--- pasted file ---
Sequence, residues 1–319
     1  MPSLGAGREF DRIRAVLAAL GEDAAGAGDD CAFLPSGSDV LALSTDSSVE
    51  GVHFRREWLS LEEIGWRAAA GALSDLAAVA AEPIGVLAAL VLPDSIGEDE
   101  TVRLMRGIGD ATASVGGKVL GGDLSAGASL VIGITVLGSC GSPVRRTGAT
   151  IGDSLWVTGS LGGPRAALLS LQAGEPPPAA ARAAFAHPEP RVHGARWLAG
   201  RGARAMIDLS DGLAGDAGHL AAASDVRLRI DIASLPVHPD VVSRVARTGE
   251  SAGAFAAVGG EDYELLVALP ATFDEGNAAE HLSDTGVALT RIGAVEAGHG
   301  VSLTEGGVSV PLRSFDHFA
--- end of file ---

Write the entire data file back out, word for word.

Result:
Sequence, residues 1–319
     1  MPSLGAGREF DRIRAVLAAL GEDAAGAGDD CAFLPSGSDV LALSTDSSVE
    51  GVHFRREWLS LEEIGWRAAA GALSDLAAVA AEPIGVLAAL VLPDSIGEDE
   101  TVRLMRGIGD ATASVGGKVL GGDLSAGASL VIGITVLGSC GSPVRRTGAT
   151  IGDSLWVTGS LGGPRAALLS LQAGEPPPAA ARAAFAHPEP RVHGARWLAG
   201  RGARAMIDLS DGLAGDAGHL AAASDVRLRI DIASLPVHPD VVSRVARTGE
   251  SAGAFAAVGG EDYELLVALP ATFDEGNAAE HLSDTGVALT RIGAVEAGHG
   301  VSLTEGGVSV PLRSFDHFA